The Organization for Economic Co-operation and Development (OECD) has impelled Luxembourg, the wealthiest among its 30 member states, to increase fuel taxes in order to discourage “fuel tourism” and lower carbon dioxide emissions.
Placed between Germany, Belgium and France, with its comparatively lower gas prices, Luxembourg attracts many drivers coming to the Grand Duchy to refill their fuel tanks.
Despite its goal to cut emissions by 28%, Luxembourg produced the same amount of greenhouse gases in 2007 as in 1990, and the road transport is mainly the reason of the increased CO2 emissions, the OECD said. The recommended increase of the gasoline and diesel prices in line with neighboring countries, as part of green tax reform, should discourage “fuel tourists” from coming to Luxembourg.
In addition to greenhouse emissions, Luxembourg also produces more municipal waste than most other OECD states.
The OECD Environmental Performance Review of Luxembourg also points out that at least 40% of surface water in that country may not meet the 2015 European water target for chemical and biological quality.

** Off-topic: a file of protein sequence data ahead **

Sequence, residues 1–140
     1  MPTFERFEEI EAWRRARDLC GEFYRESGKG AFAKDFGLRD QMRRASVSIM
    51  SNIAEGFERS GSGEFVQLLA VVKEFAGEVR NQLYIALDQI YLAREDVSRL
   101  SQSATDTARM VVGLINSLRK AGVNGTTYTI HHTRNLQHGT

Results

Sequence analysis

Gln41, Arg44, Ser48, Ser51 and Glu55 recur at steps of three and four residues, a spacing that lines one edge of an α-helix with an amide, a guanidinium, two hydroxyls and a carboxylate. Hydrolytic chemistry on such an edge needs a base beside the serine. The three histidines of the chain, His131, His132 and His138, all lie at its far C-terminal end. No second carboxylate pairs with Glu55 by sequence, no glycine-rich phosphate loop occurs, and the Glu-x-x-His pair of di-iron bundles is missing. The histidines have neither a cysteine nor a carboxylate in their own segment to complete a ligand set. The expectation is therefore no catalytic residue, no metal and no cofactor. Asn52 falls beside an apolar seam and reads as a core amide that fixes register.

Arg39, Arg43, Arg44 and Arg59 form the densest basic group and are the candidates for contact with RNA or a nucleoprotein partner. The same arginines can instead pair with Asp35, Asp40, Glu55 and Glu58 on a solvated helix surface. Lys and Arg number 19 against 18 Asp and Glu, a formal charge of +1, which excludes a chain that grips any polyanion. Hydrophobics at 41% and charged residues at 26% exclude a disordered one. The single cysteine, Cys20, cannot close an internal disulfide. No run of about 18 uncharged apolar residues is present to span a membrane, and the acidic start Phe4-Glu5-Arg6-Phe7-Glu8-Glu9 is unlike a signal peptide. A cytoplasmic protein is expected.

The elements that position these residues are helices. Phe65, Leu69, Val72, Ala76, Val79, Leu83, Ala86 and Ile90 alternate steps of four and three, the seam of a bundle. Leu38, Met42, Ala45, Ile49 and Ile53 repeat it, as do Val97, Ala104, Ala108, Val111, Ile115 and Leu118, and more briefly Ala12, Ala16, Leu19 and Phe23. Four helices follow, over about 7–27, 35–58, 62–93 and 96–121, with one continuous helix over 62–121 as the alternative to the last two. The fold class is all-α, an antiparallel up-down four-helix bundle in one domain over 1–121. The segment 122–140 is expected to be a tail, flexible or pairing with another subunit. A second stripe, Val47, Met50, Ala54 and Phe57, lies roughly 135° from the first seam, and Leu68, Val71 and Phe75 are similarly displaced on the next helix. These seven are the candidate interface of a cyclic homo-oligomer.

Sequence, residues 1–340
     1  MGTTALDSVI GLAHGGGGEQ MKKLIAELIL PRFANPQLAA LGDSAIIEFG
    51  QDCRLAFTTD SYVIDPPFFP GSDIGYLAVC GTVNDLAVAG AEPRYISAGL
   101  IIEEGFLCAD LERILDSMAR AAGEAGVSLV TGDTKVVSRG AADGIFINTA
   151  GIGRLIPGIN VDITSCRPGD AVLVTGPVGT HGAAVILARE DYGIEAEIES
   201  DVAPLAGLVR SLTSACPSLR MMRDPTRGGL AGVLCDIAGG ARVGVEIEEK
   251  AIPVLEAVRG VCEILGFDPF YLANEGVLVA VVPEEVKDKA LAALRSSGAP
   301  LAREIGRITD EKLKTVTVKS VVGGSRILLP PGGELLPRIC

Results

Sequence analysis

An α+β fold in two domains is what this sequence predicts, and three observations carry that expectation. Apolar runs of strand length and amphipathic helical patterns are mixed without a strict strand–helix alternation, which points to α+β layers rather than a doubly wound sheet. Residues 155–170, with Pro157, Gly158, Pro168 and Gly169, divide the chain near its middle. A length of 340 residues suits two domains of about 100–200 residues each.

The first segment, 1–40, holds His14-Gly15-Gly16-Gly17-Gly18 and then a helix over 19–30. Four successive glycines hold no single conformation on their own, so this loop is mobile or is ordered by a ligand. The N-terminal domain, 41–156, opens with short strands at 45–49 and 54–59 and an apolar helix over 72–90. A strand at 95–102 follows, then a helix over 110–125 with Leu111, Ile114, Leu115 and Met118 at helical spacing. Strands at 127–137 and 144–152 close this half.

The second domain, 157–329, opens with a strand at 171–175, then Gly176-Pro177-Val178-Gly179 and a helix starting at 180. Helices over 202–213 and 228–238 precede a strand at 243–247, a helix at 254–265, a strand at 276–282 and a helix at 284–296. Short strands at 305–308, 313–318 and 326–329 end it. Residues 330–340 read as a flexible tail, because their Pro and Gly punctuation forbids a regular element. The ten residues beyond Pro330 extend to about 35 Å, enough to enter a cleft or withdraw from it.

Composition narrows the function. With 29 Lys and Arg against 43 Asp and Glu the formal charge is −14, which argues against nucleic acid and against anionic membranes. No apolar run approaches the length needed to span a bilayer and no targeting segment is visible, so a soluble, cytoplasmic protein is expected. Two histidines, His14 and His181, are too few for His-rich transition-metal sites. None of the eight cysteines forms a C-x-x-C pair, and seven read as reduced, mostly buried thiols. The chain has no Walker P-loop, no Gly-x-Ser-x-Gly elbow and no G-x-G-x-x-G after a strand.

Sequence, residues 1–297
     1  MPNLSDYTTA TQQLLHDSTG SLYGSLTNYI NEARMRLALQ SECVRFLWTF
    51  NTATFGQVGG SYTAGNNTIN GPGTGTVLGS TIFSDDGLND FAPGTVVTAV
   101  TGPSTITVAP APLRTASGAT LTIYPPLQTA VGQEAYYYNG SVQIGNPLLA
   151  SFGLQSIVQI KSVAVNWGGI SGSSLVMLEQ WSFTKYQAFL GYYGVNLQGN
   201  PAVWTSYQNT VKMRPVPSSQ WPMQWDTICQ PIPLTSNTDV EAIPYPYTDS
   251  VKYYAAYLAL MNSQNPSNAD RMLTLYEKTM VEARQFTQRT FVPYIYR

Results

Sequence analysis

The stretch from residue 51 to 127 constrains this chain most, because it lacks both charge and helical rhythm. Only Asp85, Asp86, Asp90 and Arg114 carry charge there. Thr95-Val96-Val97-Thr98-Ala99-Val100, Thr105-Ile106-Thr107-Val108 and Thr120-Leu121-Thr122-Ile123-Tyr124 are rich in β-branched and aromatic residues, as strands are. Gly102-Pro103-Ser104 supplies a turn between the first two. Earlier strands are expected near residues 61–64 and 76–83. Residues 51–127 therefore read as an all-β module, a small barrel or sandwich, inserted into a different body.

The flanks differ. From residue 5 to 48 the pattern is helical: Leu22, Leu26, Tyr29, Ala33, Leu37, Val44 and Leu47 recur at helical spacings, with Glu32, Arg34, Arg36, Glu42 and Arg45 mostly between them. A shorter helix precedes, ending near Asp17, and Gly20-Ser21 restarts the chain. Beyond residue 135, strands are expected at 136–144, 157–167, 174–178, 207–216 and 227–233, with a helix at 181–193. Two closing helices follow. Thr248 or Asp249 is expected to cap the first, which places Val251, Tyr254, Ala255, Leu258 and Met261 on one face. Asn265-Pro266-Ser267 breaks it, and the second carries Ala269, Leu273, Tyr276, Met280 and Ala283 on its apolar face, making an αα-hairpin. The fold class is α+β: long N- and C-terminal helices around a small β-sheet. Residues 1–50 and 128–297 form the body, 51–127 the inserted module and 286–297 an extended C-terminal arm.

Environmental issues of the wealthiest country in the world are not on the agenda for the first time. A decade ago, Luxembourg was one of three countries that have failed to reflect all the European Union's requirements in relation to national action plans to fight nitrate pollution of waters. At that time, the Grand Duchy was also criticized by European Commission for the insufficient monitoring of its waters.
“The environment should be part of a comprehensive strategy to relaunch economic growth and to restructure the economy.” said the OECD Secretary-General, Angel Gurría, and suggested the French experience with “Le Grenelle Environnement” as an inspiring model for mobilizing public opinion in favor of a national environment plan.